A holy man spent many years begging God to send him someone who could teach him the shortest and safest route to sanctity. One day while he was praying for this, he heard an inner voice command, “Go to the door of the church and you will find the man you seek.”
He got up and went straight to the door, opened it and looked outside. There was no one in sight except for a beggar in rags. Thinking he was deceived, the holy man nodded politely toward the beggar and said, “Good day, sir,” before turning back inside.
“I’ve never had a bad one,” the beggar said.
The holy man stopped short and looked at the beggar in surprise. “No? Lucky fellow! Perhaps you’ll allow me to wish you better fortune then.”
“But I’ve never had any bad fortune,” the beggar replied.
Surely this beggar took him for a fool, thought the holy man. “Forgive me for not knowing how to greet a man who has had only good days and good fortune. Perhaps you’ll allow me to wish you happiness then.”
“But I’ve never been unhappy,” the beggar replied.
“Look here, you!” the holy man scolded. “How is it that you alone among us mortals have escaped evil days, bad fortune and wretched unhappiness?”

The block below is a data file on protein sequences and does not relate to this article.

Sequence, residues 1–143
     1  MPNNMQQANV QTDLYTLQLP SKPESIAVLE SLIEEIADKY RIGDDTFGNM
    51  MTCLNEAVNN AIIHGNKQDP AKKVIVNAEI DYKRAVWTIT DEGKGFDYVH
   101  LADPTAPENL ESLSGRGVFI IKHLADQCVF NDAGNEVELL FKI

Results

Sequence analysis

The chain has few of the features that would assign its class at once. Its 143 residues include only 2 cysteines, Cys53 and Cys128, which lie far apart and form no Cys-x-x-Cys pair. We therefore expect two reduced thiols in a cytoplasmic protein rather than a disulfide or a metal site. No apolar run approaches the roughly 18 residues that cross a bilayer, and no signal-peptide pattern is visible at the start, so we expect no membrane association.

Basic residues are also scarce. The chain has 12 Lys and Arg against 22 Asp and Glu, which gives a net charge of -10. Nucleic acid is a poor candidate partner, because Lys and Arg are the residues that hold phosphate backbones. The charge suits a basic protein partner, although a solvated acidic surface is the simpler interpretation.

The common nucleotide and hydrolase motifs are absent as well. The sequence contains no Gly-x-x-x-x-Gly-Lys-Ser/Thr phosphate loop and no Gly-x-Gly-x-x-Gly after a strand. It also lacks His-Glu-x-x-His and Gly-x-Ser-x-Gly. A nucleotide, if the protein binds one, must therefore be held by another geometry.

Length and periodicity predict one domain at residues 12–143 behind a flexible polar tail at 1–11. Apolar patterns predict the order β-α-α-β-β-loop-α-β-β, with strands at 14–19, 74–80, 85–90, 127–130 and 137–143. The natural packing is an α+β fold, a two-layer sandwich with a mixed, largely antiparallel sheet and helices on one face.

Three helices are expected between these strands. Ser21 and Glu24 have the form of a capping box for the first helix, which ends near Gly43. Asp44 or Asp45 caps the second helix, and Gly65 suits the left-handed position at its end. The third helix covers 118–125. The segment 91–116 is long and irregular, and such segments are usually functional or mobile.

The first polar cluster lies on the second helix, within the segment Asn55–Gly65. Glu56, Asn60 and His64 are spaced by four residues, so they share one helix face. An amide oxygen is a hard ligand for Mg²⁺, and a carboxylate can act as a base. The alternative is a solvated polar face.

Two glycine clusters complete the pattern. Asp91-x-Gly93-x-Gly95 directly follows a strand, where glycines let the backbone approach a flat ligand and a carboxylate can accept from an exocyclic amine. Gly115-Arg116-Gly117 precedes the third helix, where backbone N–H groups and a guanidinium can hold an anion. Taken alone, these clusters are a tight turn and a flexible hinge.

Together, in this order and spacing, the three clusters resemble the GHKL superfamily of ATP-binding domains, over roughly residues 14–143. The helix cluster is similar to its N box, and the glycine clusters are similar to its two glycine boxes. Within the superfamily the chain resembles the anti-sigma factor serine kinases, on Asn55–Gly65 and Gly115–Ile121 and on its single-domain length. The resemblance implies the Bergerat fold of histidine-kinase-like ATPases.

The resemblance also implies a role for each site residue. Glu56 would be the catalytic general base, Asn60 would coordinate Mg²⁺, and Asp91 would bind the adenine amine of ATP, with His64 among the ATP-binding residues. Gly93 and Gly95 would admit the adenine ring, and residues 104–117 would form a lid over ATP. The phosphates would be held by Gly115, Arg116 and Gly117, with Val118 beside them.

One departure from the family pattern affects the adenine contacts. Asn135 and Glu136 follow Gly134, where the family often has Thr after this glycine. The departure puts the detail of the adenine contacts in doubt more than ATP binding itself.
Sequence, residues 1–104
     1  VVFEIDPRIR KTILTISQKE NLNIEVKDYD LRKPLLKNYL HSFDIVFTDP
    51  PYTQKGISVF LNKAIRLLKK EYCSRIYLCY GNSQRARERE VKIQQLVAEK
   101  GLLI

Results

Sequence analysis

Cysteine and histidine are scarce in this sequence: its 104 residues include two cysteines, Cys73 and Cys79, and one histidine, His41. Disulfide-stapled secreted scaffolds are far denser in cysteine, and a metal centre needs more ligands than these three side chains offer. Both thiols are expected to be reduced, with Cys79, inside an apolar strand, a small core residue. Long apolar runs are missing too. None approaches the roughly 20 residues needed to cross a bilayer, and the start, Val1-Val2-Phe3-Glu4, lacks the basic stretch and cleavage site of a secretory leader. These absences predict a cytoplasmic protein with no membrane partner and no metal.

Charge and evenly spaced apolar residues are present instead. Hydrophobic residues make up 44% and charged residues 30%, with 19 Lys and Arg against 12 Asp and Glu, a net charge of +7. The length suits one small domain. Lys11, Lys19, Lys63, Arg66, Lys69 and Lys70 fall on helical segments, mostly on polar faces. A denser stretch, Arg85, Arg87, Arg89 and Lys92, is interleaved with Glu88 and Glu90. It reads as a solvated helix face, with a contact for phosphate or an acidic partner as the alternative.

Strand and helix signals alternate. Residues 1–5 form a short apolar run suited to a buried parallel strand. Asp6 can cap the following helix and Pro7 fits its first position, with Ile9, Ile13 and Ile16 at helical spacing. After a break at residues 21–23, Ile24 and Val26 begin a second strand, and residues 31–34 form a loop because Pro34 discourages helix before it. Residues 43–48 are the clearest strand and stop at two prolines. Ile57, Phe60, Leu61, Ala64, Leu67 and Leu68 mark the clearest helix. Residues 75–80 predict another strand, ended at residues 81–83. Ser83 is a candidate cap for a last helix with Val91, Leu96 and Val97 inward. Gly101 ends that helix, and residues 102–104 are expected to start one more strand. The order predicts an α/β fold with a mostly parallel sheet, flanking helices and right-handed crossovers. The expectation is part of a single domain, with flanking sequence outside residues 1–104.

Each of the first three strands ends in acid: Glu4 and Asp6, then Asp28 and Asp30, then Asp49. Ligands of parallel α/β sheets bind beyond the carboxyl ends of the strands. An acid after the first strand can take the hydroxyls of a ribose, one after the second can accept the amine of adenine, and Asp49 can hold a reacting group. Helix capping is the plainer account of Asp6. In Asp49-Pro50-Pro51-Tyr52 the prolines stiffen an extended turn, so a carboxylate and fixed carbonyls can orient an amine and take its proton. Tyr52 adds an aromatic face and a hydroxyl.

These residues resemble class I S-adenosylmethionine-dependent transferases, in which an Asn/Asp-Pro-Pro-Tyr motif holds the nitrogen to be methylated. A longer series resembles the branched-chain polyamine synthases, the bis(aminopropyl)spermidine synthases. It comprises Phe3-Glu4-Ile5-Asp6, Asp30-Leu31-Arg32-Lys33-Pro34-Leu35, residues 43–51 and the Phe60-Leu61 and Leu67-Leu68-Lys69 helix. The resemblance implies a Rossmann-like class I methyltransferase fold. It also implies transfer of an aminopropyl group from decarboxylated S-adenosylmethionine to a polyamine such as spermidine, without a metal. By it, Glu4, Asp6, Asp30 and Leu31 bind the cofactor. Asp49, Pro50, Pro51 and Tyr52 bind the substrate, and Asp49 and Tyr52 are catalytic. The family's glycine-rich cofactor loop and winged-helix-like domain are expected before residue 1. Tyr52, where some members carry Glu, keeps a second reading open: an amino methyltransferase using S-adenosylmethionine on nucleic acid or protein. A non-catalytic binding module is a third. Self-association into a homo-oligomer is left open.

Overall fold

“By contenting myself with the log God gives me, is how,” the beggar answered. “Whether it is sweet or bitter, pleasant or disagreeable, easy or difficult, I will whatever He wills, which means everything turns out exactly as I like. Those two buggers, Fortune and Misfortune, can only hurt those who allow themselves to be hurt by them. As for me, I put all my effort into wanting whatever God wants so I am never unhappy or disappointed.”
The holy man listened in rapt amazement, realizing that this beggar was the man God had sent in answer to his prayer. “But who taught you this?” he demanded.
“No one,” the beggar said. “Union and familiar acquaintance with God in prayer do all this.”
“Thy will be done, on earth as it is in heaven.”